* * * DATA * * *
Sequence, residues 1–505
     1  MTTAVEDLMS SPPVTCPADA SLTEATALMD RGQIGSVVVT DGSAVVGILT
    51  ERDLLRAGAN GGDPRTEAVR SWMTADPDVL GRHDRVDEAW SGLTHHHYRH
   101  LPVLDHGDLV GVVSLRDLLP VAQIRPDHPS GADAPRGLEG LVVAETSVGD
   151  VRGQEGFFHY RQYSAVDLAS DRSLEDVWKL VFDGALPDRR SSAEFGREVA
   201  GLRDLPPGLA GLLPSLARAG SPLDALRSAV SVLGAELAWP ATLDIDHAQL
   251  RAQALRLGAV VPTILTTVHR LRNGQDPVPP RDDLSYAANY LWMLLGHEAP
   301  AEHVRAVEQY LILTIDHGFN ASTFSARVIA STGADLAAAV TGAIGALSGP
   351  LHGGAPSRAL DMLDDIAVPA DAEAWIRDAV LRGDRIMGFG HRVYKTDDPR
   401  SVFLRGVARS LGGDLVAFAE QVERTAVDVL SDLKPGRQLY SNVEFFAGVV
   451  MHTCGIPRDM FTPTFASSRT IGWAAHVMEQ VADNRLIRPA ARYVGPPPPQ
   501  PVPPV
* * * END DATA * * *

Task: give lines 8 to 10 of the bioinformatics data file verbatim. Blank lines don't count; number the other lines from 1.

   301  AEHVRAVEQY LILTIDHGFN ASTFSARVIA STGADLAAAV TGAIGALSGP
   351  LHGGAPSRAL DMLDDIAVPA DAEAWIRDAV LRGDRIMGFG HRVYKTDDPR
   401  SVFLRGVARS LGGDLVAFAE QVERTAVDVL SDLKPGRQLY SNVEFFAGVV